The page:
It was a reunion of sorts. Back in the early 90s, before children and divorces and career changes, we were a group of friends who met every Wednesday night at a local dive to drink beer, eat cheap appetizers, and generally celebrate making it over the “hump” of the week. But in the wake of early-morning feedings, followed by soccer and play practices, then band and track and school projects, the tradition disappeared. So this past November, one of the original members requested a reunion. All knew that Bob and I had divorced, and I’d told some in the group that I was gay. Others had really just been acquaintances, so they hadn’t made it to the top of any need-to-know list. But there we were, and as I was trying to tell this story about an event in the little hood where I now reside, I found myself suddenly stuck… There was this conversation with Christy that had occurred in bed in the middle of the night–a conversation that was integral to the story. No doubt, this table of bygone friends might wonder about this woman in my bed. I could leave out names and doctor some pronouns… awkward. Or I could pretend the name was Chris as I had done with my younger son for a month or so after I’d started dating her. Or I could just be out with it.
I opted for the latter, and one of the women with whom I’d had little contact over the years said, “Okay,” in that snarky, superior way that lifts into sarcasm, then followed it with “moving right along.”
Are you kidding me? Why moving right along? You came of adulthood alongside Ellen for god’s sake. This can’t be that hard for you. I was a little taken aback because, after all, this was Central Denver, not Colorado Springs, and I’d gotten nothing but support from anyone I’d told up to that point, INCLUDING my ex-husband (who sat across from me at the table that night) and sons. So much support, in fact, that I was beginning to think that the nation was truly beyond its gay-hating hetero entitlement, a sensibility that could now be relegated to a handful of extremists.
I was wrong, of course, and I need only look to the news in states like Tennessee, Texas, and Virginia, each considering legislation protecting the right to discriminate against LGBTQ citizens, to know that mine has been a somewhat privileged coming-out story—privileged, in large part, because I’ve been pretty cowardly about who I’ve told.
One of the groups absent from my need-to-know list was my students. I adore them, but I wasn’t willing to risk the potential for making a difficult job MORE difficult if I happened to have some punchy parents—gutless on my part, I know. But lately, as I now have 1.75 feet out the door of an institution that treats its teachers with such contempt and disrespect that I no longer fear losing my job, I’ve taken an attitude of If the opportunity presents itself.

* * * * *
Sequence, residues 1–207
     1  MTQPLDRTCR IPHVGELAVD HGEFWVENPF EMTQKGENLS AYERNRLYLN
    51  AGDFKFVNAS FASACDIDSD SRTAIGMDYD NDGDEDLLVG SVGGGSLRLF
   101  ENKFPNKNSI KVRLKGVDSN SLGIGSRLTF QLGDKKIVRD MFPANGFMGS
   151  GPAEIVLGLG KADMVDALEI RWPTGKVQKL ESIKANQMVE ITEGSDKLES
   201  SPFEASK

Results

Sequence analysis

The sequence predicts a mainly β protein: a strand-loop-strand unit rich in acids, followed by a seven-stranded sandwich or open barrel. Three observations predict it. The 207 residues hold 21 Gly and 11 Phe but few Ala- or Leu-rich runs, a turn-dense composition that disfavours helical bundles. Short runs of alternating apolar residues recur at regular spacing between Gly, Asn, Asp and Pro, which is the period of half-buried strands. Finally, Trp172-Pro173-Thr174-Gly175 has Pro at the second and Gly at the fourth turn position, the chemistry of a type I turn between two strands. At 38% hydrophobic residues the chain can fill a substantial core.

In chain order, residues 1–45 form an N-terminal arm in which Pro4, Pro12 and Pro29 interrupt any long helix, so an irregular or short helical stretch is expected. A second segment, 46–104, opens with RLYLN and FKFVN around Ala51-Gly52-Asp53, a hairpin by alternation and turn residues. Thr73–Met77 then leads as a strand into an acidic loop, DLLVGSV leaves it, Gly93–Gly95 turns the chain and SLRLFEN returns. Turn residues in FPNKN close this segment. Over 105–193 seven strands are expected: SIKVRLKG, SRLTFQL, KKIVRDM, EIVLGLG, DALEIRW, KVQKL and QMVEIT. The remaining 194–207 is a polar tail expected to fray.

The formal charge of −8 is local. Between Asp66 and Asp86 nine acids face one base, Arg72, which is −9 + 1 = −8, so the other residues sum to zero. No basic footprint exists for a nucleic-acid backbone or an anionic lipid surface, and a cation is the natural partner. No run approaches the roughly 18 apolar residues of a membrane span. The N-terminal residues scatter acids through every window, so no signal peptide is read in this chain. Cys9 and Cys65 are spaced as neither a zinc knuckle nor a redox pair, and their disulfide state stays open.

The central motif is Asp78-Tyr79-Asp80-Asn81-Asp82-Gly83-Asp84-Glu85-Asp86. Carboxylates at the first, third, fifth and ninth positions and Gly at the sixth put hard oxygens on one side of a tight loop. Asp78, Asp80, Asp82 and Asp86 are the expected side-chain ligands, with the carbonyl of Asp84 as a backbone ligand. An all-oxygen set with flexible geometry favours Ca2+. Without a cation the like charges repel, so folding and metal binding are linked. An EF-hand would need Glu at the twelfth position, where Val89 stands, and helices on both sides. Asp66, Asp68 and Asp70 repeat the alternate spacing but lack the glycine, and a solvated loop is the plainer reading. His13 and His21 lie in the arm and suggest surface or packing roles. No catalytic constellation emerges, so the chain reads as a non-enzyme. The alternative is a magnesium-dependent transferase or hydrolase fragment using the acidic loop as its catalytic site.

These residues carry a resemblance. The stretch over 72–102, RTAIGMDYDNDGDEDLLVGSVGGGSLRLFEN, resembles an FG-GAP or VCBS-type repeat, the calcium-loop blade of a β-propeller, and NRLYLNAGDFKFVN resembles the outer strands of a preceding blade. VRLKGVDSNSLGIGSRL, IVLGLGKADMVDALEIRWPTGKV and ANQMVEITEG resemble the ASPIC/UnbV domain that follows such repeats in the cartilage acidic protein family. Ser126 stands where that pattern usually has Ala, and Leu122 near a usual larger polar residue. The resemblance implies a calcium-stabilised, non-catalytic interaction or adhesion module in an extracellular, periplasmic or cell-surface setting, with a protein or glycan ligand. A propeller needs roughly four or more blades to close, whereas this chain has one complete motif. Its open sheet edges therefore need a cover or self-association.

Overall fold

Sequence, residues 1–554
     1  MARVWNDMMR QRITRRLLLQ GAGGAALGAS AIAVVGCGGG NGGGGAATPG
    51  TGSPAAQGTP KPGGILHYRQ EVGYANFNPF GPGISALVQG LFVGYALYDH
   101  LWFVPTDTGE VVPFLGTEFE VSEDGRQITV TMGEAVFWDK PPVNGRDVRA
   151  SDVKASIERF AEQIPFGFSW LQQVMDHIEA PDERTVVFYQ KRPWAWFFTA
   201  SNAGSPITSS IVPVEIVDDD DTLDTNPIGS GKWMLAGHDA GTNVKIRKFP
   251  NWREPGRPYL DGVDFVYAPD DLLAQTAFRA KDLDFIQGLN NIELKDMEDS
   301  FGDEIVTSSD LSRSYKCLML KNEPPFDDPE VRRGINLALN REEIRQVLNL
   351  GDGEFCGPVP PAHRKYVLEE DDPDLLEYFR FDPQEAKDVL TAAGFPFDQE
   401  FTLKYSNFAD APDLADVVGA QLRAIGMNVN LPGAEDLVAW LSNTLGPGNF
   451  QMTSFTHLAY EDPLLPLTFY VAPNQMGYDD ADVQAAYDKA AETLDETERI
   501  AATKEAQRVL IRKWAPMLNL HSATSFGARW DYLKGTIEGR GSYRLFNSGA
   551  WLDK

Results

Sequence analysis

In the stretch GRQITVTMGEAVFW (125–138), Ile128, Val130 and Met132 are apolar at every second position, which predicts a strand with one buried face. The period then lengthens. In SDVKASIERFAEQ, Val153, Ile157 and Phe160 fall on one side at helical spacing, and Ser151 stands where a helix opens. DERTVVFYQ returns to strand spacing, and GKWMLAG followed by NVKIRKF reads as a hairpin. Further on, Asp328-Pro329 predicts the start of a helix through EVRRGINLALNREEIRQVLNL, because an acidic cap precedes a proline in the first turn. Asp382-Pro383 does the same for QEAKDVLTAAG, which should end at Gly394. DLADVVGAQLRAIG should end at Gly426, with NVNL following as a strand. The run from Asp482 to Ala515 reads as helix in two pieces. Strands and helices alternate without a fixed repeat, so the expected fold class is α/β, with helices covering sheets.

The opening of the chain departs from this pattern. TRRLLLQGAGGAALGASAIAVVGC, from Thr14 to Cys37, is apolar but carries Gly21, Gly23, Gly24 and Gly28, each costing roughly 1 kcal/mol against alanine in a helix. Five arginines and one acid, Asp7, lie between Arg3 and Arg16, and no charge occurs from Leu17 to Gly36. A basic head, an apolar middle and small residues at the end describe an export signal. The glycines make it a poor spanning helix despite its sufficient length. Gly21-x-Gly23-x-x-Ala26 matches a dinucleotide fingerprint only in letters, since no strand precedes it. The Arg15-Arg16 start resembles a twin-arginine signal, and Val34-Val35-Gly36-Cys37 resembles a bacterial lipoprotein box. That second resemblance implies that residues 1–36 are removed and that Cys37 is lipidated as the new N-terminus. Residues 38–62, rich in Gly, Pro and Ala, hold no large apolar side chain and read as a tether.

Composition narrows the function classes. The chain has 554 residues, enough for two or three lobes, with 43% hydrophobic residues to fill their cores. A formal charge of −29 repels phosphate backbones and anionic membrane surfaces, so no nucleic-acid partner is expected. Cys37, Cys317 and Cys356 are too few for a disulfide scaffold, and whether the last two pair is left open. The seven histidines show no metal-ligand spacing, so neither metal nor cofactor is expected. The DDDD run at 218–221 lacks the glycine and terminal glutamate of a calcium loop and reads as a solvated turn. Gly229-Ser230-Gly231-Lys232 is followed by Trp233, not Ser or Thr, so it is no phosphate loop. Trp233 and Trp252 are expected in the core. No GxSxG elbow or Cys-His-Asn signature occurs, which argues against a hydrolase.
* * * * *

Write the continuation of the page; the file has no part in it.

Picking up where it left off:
And on Friday after school, it did.
A group of five girls came in because they didn’t want to wait for their parents in the cold. We were chatting and laughing when one of the girls said, “Ms. C., do you have a boyfriend?”
“No,” and I began to wonder if this was that opportunity presenting itself.
“Well, we need to find you a man because, you know, when people are excited and in love, everything becomes more exciting… like maybe your class.”
I reminded her that anything she thinks is exciting (SpongeBob is the only offer she’s ever given me, and I actually looked for a SpongeBob episode that featured one of the themes of our reading) is way beneath her abilities, and man or no man, I wouldn’t be making my class easier for her.
“I still think you need a man.”
Deep breath. “What if I don’t like men? In that way, I mean.”
All five stop and stare.
“You don’t like men?” and they’re looking a little bug-eyed and incredulous.
“Would it matter?”
And now they’re fueling up and wanting truth.
“No. But Ms. C., do you like women?” with such boldness and immediacy that I’m fearful of pretending.
I glance over at the picture of Christy on the wall above my desk and point, “That’s my girlfriend.”
Squeals of delight erupt, and as classmates come in from the hall they announce, beaming and proud, “Ms. C. is gay!” and each starts to tell me the story of an aunt or a cousin or a friend.
And apart from the day I met Christy, this is perhaps my sweetest coming out moment yet.
My fears are rooted in that same history that informs the bias of a 50-year-old acquaintance who is stuck in time, and status, and fear. Yet the evidence, as I experienced it through the voices of five thirteen-year-old girls, suggests that we are, in fact, moving right along, thanks in no small part, to so many with the courage to stand up and challenge the course of history with their rights to be just exactly who they are.